Japan food series – Kaiseki

A true dining experience (comparable with Michelin-star restaurants), haute cuisine and the crème de la crème of Japanese food, serving, atmosphere and presentation: kaiseki is a must for everyone visiting Japan interested in what this country has to offer when it comes to gastronomy! 

The first challenge for a non-Japanese speaker is to find a good non-touristy kaiseki. Luckily enough, our host in Kyoto booked a table for us at a restaurant favoured by locals. Indeed, once there, we realized that the menu we had ordered beforehand had been translated into English just for us!

Dressed up and full of expectations, we recognize the place by the two white curtains hanging by its entrance in an alleyway. Our host for the evening welcomes us in a beautiful light blue kimono. We take off our shoes and follow her along a hallway bordered by an unexpected lovely garden into our private tatami room with traditional sliding doors.

The chopsticks rest on a beautiful piece of Kyoto ceramics and we can’t help ourselves from taking pictures of these details.

We have the nice surprise of sitting down on comfortable low chairs instead of the tatami at a low table. Our host enters the room, goes down on her knees, bends and tells us that she will start serving us… in French! I don’t know what amazes me more; a French-speaking Japanese woman or the appetizer she was serving.

After the first bite, we look at each other as the appetizer consisting of a sugar tomato, soft grilled eggplant, topped off with sea urchin in a juice of thin Muzuku sea-weed, a crunchy veggie, decorated with a yellow flower served with a delicious sweet prune wine along, is mind blowing. This exceeds all expectations! I realise this is a special night…

We are served a cold green tea and order two different sake’s along with our meal. Both are served differently: one in a thin glass tea pot, the other, slightly sweeter, in a hand painted glass jar.

What we hoped was something unknown actually appeared to be a spelling mistake: “soft shell tartle” is indeed turtle*, in Japan considered the Emperor’s meal. Out of our comfort zone but not wanting to be rude, we eat the course wrapped up in a savoury steamed egg custard floating in a transparent broth.

For the next course, we are served a beautiful ceramic bowl, filled with small ice-cubes, on which thin slices of wood carry a truly magnificent mix of fish; raw sea-eel, cuttlefish, that causes a real mouth filling explosion once chewed on, a cube of fresh homemade tofu (that surprisingly is tasteful!), thin slices of yellowtail amberjack and our favourite maguro tuna. To spice it up, this plate of heavenly treats is accompanied by a homemade wasabi, soy sauce, and topped off with a tasty purple flower for the finishing touch.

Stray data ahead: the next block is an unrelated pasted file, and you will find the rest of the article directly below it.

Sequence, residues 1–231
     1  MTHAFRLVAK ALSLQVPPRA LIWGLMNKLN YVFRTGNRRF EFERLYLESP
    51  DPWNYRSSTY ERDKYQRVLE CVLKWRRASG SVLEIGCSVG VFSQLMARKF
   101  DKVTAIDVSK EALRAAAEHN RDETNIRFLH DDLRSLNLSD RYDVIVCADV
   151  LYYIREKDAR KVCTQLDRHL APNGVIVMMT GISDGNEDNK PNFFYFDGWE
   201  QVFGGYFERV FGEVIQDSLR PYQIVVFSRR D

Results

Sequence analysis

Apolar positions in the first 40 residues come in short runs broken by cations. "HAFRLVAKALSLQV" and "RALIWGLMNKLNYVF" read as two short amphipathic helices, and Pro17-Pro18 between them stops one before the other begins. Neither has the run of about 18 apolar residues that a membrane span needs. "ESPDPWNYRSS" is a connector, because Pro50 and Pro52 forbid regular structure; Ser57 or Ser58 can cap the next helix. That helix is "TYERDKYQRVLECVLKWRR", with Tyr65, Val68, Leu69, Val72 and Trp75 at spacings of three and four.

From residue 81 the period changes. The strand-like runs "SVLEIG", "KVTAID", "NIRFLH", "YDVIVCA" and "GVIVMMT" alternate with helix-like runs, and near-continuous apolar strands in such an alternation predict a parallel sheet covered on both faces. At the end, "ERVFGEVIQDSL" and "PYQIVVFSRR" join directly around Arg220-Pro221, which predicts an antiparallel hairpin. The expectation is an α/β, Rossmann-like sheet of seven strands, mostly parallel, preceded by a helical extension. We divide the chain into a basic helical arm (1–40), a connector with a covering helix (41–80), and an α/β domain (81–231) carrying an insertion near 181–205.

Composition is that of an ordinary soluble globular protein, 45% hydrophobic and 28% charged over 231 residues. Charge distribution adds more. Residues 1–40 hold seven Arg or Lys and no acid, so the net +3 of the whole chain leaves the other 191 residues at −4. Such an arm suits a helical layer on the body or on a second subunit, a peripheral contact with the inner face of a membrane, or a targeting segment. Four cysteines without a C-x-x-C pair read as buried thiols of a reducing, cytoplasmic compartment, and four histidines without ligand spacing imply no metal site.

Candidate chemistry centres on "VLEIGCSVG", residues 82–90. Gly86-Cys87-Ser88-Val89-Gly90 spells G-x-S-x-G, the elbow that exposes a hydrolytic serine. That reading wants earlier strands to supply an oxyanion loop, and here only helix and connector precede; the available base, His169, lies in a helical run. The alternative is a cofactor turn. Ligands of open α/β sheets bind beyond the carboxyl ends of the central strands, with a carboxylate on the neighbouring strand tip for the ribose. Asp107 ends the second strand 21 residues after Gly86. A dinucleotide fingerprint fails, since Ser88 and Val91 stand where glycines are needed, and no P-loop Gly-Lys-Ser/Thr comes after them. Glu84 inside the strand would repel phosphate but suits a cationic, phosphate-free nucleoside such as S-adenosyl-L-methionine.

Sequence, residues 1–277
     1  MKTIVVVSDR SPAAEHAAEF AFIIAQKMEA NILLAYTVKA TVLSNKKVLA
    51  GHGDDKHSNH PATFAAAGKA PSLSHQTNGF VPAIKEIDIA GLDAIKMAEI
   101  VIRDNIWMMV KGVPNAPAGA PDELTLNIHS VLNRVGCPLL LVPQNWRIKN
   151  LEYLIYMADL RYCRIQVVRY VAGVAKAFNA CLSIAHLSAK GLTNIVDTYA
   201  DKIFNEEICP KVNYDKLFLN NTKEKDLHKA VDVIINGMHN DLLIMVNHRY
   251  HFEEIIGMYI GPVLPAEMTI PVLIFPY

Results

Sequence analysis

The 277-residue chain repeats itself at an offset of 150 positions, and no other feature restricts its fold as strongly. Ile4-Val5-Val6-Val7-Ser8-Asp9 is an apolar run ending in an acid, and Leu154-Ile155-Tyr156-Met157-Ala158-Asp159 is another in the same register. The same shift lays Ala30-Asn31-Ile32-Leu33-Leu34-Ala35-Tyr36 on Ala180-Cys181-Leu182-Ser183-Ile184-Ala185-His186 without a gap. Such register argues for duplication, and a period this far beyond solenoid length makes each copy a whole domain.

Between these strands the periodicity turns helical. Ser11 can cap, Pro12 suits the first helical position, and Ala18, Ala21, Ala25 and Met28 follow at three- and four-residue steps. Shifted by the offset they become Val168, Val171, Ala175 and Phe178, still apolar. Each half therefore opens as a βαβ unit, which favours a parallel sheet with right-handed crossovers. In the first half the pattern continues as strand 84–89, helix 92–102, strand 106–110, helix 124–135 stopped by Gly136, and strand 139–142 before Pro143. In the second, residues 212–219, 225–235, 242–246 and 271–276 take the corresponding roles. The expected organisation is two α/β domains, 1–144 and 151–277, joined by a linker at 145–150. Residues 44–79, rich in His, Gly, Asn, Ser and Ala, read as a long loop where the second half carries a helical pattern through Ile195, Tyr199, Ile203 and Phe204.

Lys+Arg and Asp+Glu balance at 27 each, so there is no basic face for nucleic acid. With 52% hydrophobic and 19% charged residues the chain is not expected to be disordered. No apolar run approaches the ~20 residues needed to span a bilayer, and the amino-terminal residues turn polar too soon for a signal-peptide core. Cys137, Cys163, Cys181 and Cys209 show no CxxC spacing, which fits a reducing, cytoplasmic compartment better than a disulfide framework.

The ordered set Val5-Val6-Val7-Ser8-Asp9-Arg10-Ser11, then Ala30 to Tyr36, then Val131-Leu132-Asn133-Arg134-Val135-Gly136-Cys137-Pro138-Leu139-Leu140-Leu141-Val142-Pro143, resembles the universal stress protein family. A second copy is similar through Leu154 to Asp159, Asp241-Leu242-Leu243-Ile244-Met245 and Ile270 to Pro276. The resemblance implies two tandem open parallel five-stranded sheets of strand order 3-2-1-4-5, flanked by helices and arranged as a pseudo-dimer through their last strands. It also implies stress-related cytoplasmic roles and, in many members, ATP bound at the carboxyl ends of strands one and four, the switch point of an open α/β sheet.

The tuna is to die for and we happily welcome our next dish; two tuna sushis made from the finest part of the fish. Also this time, the ceramics don’t go unnoticed.

We find ourselves in heaven. This food is so good, treated and served with such respect that is hard to describe in writing.

Our next dish comes in a delicate basket. The basket is filled with delicious fried ginkgo nuts, jellyfish vinegar, sea urchin, pumpkin, octopus, soy beans, prawns and a fried freshwater crab. Our hostess tells us to eat the crab as a whole, including the scissors, legs, head, etc. A bit cautious at first, the crunchy crab is actually mouth-watering as is the rest of the food in the basket.

There are six more courses waiting for us, and we are happy that although the variety is wide, the courses are small.

The next course is to be eaten as a whole as well, head to tail: grilled sweet fish with a salty green sauce, accompanied by a young peach on a white wine jelly. Exquisite tastes, structures and flavours which are completely new to us!

The feast is not over yet as we are served sea-eel in peppercorn, a Kamiel-nasu eggplant and melon.

We feel treated like princesses when the perfectly cooked beef pieces with black vinegar arrive, just melting on our tongues.

According to the tradition, the rice is served by the end of the Kaiseki. We get new and finer chopsticks, new warm steamy napkins and our hostess scoops the rice carefully into two bowls. A red miso soup and a freshly brewed brown tea come with the rice.

Dessert consists of cubes of two kinds of melon with a sesame tiramisu.

Last but not least, we end this wonderful experience with a tea ceremony. We are served a delicious matcha tea with a treat made of red bean paste decorated with silver foil.

We have experienced how Japanese chefs respectfully turn a wide variety of high quality ingredients into true art: wonderful to look at, a shame to start touching, and causing a truly magnificent explosion of textures, colours, and flavours! If Kaiseki can be found throughout Japan, there is something truly special about enjoying it in a traditional wooden house in Kyoto, overlooking a Japanese garden in the Gion district.


*  Being concerned by the survival of endangered species, seeing turtle on the menu was quite shocking to us and I have to admit that we had a hard time swallowing it. After checking, soft shell turtles are not endangered as they are bred. This really helped us digest that delicious meal!

Travel tips:

  • Check out this interactive map (quick tutorial) for the specific details to help you plan your trip and more articles and photos (zoom out) about the area!

2 thoughts on “Japan food series – Kaiseki

  1. Pingback: Temple hopping in Kyoto: our top chart | Best regards from far,

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